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TECHNOLOGY

Want to Raise Successful Children? Give Them Technology At a Younger Age (Yes, Younger)

The younger the better, in fact.

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BY Tom Popomaronis - 07 Sep 2018

Want to Raise Successful Children? Give Them Technology At a Younger Age (Yes, Younger)

PHOTO CREDIT: Getty Images

Nobody's going to argue that children don't need screen-free playtime. And with the internet, as with any tool, comes danger (and that goes for all ages), so acting with caution ought to be a given. But it's hard to have a conversation about kids and technology that doesn't summon up undertones of shame and guilt, and maybe that's the real shame.

First, we need to remember that children are biologically primed to learn. Most adults would need a lot of time and some serious motivation to learn more than basic coding, for example. Our children, on the other hand, can pick up advanced skills quickly and easily.

There's a more important point to be made, though, in my opinion. Not only is learning tech-related skills easy for children, I'd go so far as to say that it's necessary.

4 reasons for allowing your kids to embrace the digital:

  1. Technology is the future. If the human race is going to beat climate change, failing bio-diversity, and the host of other problems it faces globally, technology is going to be an integral part of that process. The sooner younger generations become sufficient in these digital tools, the faster they will be able to leverage them into impactful change.
  2. It's getting harder and harder to live unplugged. Everything from interacting with family to getting help in an emergency is now constantly being done on smartphones and tablets. Keeping your kids away from these devices isn't helping them, it's delaying what they inevitably will need to learn, and possibly adapt, in a pressing situation.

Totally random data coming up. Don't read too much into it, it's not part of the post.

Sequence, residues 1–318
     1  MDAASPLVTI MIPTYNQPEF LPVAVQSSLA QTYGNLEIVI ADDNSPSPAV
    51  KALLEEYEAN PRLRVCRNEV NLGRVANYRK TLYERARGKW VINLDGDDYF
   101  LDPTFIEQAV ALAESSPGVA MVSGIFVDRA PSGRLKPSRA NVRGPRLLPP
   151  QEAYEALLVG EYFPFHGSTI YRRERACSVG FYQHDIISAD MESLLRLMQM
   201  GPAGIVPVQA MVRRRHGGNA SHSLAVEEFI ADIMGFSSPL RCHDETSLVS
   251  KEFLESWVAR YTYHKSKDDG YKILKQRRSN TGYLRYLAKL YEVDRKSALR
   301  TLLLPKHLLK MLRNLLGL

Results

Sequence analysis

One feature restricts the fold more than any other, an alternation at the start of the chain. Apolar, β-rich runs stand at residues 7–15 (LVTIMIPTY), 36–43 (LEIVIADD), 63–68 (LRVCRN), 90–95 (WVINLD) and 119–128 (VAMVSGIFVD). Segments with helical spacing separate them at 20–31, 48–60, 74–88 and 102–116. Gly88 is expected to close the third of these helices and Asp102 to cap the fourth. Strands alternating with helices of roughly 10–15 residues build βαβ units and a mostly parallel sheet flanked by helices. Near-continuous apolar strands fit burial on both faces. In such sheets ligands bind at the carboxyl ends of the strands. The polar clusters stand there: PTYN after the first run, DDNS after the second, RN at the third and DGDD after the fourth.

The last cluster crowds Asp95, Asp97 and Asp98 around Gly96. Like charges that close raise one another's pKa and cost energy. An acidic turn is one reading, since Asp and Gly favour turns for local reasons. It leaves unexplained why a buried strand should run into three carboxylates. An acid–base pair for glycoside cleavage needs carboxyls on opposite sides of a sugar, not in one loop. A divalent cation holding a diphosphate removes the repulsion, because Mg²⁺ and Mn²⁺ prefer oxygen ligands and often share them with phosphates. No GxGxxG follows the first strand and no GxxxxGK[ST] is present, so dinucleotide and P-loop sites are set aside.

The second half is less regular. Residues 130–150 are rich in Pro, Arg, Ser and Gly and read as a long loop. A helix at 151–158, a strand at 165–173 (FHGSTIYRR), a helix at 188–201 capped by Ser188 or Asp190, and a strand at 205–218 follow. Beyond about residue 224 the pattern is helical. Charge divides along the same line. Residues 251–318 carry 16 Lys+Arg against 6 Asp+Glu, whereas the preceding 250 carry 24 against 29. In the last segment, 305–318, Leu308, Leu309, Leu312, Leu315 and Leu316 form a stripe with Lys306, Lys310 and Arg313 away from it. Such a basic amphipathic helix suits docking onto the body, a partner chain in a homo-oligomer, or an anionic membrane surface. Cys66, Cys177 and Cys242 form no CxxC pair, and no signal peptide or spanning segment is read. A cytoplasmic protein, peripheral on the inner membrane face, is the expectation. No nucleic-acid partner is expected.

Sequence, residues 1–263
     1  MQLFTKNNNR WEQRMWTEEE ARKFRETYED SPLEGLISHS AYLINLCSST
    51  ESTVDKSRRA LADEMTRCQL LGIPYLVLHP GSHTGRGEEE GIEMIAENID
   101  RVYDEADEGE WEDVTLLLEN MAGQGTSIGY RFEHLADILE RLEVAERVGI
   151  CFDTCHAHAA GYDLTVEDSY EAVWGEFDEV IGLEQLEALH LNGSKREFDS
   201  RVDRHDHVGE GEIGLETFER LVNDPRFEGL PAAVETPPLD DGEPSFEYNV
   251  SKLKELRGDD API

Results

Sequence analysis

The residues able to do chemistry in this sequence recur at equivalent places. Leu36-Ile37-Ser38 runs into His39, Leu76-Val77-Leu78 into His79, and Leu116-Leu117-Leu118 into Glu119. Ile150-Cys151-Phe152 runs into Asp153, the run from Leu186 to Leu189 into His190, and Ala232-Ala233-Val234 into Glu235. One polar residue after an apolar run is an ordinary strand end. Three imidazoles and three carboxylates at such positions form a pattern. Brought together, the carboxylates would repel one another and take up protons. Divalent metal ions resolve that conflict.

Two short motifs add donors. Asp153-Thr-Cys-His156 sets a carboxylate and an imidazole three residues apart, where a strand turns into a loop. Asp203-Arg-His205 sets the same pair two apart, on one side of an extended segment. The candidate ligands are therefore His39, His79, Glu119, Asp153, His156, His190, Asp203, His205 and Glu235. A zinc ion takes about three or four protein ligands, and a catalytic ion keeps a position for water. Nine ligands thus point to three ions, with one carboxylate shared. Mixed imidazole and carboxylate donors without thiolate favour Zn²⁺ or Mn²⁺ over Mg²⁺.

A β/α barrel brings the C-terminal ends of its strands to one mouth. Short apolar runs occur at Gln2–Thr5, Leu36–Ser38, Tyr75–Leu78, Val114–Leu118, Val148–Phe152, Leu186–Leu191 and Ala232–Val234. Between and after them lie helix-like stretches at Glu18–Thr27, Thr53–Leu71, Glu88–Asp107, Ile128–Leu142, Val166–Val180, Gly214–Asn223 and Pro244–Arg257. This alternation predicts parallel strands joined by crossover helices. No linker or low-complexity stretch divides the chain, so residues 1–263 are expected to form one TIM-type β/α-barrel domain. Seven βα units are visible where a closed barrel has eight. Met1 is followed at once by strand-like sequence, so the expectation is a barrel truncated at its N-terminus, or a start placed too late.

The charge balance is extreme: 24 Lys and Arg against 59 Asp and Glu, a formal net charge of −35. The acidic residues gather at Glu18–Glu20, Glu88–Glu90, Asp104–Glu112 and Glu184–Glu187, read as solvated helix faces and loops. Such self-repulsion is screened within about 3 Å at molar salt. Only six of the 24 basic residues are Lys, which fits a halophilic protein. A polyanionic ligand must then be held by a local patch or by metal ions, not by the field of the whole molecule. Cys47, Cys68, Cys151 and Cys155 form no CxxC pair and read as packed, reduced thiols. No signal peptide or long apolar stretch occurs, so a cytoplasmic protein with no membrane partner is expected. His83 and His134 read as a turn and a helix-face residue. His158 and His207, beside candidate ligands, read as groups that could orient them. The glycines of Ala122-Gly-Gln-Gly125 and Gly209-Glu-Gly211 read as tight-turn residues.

3. Automation is cutting swaths of jobs from the service industry. Meanwhile, the tech field is booming with job opportunities, and there's a greater need than ever for people who can design, program, and maintain machines. These are the jobs that will be waiting for your child -- how grateful will they be to you for giving them a head start?
  4. Asking what your child what he or she 'wants to be when they grow up' returns a vastly different answer today, then it did 15-20 years ago. Sure, you may hear the occasional astronaut or doctor, but new answers are emerging (and trending) such as a YouTube content creator, Instagram influencer, or even a professional e-gamer (make no mistake, all are exceptionally lucrative). If those professions are truly your child's 'dream job', isn't it your duty as a parent to empower them with the right digital tools that will educate and inform them?

One thing needs to be noted: saying that kids -- even young ones -- can actually benefit strongly from spending time with technology is not the same thing as suggesting they be parked in front of a television all afternoon, or be allowed to roam the internet without supervision. I'm an advocate of limiting & enforcing screen time -- which is critical for balanced growth.

The time spent should instead be productive, and while open-ended learning is great, some level of guidance can be very helpful as well. At the end of the day, you're not going to get everything right as a parent, and erring on the side of caution is understandable. But with the right attitude, maybe we can find the balance between fearing technology in our kids' hands and allowing it to better them.

Indeed, there is a silver lining -- it just might be the one you see on the side on your iPad.

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